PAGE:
Words and phrases I learned from House of Cards – 4

tarantula

a very large hairy spider found chiefly in tropical and subtropical America, some kinds of which are able to catch small lizards, frogs, and birds.

fall off the wagon

to start drinking alcohol, after a period when you have drunk none

“When his wife died, he fell off the wagon.

Read this.

run amok (Also, run riot or wild.)

Behave in a frenzied, out-of-control, or unrestrained manner.

“I was afraid that if I left the toddler alone she would run amok and have a hard time calming down.”
“The weeds are running riot in the lawn.”
“The children were running wild in the playground.”

concession speech

[US] (in an election) the speech given by a losing candidate when conceding defeat.

precinct

the area within the walls or perceived boundaries of a particular building or place.
“a former MP who still works in the precincts of the House”

an enclosed or clearly defined area of ground around a cathedral, church, or college.
“the precincts of the abbey church”

rotunda

a round building or room, especially one with a dome.

(as) thick as thieves

(of two or more people) very close or friendly.

“Kevin and Ronnie are thick as thieves.

hose down

rain heavily.
“it’s fair hosing down this morning”

suppress or deny something.
“ministers were trying to hose down public alarm”

run-of-the-mill

lacking unusual or special aspects; ordinary.

“a run-of-the-mill job”

haul/rake (someone) over the coals

to criticize (someone) very severely

“The government was then raked over the coals for refusing to send out information about the candidates.”
“The headmaster was angry. So angry, indeed, that he did what in a more lucid interval he would not have done. He hauled a senior over the coals in the hearing of a number of juniors …”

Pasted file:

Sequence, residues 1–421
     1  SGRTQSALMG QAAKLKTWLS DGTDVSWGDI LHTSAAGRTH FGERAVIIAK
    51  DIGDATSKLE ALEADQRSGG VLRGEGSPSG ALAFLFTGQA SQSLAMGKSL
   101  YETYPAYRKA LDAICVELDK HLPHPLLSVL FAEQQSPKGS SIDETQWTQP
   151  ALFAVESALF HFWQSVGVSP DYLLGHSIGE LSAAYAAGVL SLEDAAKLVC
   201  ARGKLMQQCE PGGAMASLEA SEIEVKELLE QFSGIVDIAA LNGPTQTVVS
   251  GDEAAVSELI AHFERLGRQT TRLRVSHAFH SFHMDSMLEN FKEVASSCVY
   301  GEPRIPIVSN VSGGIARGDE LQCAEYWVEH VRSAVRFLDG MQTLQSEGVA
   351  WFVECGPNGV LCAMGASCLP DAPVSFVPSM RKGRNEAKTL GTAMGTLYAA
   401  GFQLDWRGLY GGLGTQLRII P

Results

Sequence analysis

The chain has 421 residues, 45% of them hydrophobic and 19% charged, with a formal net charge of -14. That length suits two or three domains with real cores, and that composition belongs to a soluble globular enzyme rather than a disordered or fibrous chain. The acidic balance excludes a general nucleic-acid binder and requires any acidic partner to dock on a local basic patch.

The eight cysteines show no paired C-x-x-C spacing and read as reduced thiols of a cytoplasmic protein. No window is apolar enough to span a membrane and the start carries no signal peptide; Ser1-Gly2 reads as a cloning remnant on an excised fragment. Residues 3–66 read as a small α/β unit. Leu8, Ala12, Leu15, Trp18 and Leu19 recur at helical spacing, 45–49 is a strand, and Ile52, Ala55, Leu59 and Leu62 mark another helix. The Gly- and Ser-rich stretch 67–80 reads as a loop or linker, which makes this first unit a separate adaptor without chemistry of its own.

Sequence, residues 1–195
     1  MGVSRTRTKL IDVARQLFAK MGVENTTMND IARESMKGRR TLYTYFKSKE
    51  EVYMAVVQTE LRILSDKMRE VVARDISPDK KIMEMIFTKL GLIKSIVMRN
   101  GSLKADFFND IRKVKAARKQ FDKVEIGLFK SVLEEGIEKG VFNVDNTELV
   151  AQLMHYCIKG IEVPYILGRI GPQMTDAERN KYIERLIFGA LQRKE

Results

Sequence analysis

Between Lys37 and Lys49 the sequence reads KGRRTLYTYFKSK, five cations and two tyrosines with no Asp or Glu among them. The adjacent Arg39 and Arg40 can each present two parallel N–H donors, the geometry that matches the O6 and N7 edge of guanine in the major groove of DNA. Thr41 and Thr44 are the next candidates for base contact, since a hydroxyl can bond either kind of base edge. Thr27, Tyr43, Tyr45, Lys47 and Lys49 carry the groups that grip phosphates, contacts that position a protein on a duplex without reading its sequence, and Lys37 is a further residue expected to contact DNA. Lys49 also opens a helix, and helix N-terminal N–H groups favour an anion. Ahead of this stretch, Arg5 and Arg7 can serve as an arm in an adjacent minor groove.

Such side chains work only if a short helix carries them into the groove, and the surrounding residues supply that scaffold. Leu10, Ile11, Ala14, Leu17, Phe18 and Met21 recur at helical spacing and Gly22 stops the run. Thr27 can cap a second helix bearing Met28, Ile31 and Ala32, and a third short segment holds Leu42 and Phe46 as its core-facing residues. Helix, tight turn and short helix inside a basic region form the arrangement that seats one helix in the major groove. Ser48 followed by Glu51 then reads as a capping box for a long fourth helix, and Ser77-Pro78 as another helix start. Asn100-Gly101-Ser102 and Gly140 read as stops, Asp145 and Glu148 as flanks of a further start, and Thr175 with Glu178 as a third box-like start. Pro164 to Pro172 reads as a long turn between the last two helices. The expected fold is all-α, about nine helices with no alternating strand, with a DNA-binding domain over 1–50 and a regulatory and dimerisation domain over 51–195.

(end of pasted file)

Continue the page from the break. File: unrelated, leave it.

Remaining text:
conniption

a fit of rage or hysterics.

“his client was having conniptions on the phone”

dredge something up

to talk about something bad or unpleasant that happened in the past

“The article dredged up details of her unhappy childhood.”

bailout

an act of giving financial assistance to a failing business or economy to save it from collapse.

“Three years of huge losses forced the bank to seek a government bailout.

keep one’s head above water

avoid succumbing to difficulties, typically debt.

to try to manage a difficult situation, especially when it involves a lot of work or a lack of money
“The business has lurched from one financial crisis to another but we have managed to keep our heads above water.”
“We have so much debt that we’re barely able to keep our heads above water.”

ooze

(v.) (of a fluid) slowly trickle or seep out of something.
“blood was oozing from a wound in his scalp”

(v.) slowly exude or discharge a viscous fluid.
“her mosquito bites were oozing and itching like mad”

(v.) give a powerful impression of (a quality).
“she oozes a raunchy sex appeal”

(n.) the sluggish flow of a fluid.
“I picked a fruit and watched the ooze of fig milk from the stem.”

rig

to arrange dishonestly for the result of something, for example an election, to be changed

“Previous elections in the country have been rigged by the ruling party.”

pull an oar

To contribute toward a group effort.

pulverize

reduce to fine particles.
“the brick of the villages was pulverized by the bombardment”

defeat utterly.
“he had a winning car and pulverized the opposition”

xanax

a brand name for a drug used to treat anxiety

“It turns out she was taking Xanax for depression.”

dark horse

a candidate or competitor about whom little is known but who unexpectedly wins or succeeds.

a person who keeps their interests and ideas secret, especially someone who has a surprising ability or skill
“Anna’s such a dark horse – I had no idea she’d published a novel.”

hospice

a home providing care for the sick or terminally ill.

fluke

an unlikely chance occurrence, especially a surprising piece of luck.

“their victory was a bit of fluke

bungled

(of a task) carried out clumsily or incompetently.

“a bungled bank raid”

prance

to walk in an energetic way and with more movement than necessary

“It’s pathetic to see 50-year-old rock stars prancing around on stage as if they were still teenagers.”
“She pranced into the office and demanded to speak to the manager.”

muzzle

the projecting part of the face, including the nose and mouth, of an animal such as a dog or horse.
“she patted the horse’s velvety muzzle”

the open end of the barrel of a firearm.
“Davlin jammed the muzzle of the gun into the man’s neck”

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